A Practical Bike for Tokyo.

Byron Kidd
Its a proud day for a dad when his daughter asks for a mountain bike for her 10th birthday which is just what my daughter did in September.  She had had her eye on the girls Hotrock 24 at Garage Takaido for a number of months prior, so thats what we got.  Suffice to say she was stoked.
Specialized Hotrock 24 Girls MTB.

On her first ride you could see she was loving the big bouncy tyres, the light frame and front suspension.  Rather than sitting constantly in the saddle she was standing and cranking down on the pedals and speeding off into the distance.  Instead of avoiding bumps, obstacles and potholes she was seeking them out.  Instantly her cycling experience changed from being transport to being fun.

It was only a few days later, however, that we discovered that a mountain bicycle is not the ideal bicycle for a city like Tokyo where cycling is primarily transport.  Until now she had been riding what is accepted as the standard girls bicycle in Japan, pictured below.
Miyata Fruit Salad Girls Bike.

While its no sports car, it has a number of redeeming features which make it perfect for a 10 year old girl in the city.  For example a basket for carrying luggage is much more practical than having to use a backpack, which holds less, encumbers your movement and makes you all sweaty in the summer.

Also the built in lock means when you pull up to park your bicycle is locked in seconds without your hands getting covered in grease.  With the mountain bike you have to carry a lock, remove it from your backpack, handlebars or frame before threading it through your wheel most likely getting dirty in the process.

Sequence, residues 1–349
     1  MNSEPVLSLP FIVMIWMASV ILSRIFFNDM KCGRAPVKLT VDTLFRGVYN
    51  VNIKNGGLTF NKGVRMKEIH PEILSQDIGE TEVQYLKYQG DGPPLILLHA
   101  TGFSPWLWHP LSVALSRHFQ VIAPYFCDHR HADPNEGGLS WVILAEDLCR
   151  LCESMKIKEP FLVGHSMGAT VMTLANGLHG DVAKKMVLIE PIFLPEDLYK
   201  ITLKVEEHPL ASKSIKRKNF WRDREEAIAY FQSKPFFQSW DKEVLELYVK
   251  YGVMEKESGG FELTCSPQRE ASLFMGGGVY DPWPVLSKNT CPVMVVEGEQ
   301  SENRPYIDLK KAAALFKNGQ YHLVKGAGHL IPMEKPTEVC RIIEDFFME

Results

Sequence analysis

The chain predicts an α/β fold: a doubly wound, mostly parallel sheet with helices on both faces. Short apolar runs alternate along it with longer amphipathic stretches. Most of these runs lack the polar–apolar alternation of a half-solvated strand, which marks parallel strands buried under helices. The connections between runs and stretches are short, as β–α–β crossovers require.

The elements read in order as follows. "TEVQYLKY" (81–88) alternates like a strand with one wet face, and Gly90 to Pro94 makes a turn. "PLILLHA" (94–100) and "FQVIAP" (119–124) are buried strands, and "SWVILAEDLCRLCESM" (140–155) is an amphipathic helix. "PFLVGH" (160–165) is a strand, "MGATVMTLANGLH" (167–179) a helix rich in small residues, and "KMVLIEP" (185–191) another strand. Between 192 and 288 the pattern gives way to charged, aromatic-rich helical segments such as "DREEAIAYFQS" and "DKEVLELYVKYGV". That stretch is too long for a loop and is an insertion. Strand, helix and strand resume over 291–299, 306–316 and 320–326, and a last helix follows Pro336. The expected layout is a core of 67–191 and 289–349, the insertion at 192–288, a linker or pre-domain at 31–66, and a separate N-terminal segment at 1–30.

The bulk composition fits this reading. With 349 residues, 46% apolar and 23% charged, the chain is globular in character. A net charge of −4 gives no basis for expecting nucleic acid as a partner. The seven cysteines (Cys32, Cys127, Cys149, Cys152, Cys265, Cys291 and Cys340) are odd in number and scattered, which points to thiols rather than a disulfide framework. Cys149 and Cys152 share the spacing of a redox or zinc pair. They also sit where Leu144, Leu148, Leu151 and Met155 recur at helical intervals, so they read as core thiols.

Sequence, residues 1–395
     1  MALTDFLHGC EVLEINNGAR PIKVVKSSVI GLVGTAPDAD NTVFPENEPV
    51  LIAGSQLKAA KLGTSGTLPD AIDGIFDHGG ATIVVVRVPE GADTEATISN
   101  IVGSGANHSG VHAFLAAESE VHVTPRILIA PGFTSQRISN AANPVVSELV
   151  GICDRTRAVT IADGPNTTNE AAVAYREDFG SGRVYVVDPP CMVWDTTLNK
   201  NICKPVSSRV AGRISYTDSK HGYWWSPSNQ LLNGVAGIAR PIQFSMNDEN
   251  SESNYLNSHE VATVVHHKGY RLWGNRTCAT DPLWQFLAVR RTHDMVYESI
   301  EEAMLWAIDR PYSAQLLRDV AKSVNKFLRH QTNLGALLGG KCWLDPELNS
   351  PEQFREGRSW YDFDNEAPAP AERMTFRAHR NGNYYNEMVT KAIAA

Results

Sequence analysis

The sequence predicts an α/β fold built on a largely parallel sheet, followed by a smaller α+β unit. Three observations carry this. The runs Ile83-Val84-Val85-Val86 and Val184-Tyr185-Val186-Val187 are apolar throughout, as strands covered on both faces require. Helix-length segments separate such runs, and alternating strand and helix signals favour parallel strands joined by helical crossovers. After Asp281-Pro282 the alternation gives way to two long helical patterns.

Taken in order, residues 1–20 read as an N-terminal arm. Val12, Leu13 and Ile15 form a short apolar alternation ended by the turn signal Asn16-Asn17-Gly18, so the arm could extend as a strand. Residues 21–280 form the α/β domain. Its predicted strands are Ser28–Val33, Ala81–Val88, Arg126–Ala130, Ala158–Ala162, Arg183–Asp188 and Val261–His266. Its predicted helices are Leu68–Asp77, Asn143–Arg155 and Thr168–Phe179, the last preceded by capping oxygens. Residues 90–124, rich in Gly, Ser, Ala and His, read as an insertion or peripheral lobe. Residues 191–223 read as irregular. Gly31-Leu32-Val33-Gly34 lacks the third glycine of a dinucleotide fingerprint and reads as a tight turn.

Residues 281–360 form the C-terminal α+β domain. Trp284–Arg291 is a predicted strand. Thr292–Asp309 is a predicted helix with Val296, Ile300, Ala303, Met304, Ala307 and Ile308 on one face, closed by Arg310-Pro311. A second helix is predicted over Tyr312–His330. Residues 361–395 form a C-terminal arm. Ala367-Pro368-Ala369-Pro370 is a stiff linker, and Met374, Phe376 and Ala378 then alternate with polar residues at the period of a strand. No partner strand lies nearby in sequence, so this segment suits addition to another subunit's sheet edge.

A practical bike lock for Japan.
Then there are lights.  The mountain bike requires batteries, whereas the girls bike uses a dynamo.  Not to mention the kick stand which is much more stable, and not an optional extra, on the girls bike.

As someone from a country where cycling is recreation, not transport I've never really considered the inconvenience of a mountain bike in the city, but watching my daughter struggle with locks, luggage and cycling in a skirt I've realized that for day to day transport a regular girls bike or mama-chari is much more practical.

Thats not to say we're getting rid of the mountain bike, its too much fun!

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  1. Can you store two bikes? Does she have to manage stairs at all? Ah and the time will come when school bags are replaced by tablets...

  2. We have plenty of bicycle parking at our apartment. As family of four we currently have six bicycles parked downstairs and one on our 4th floor balcony.

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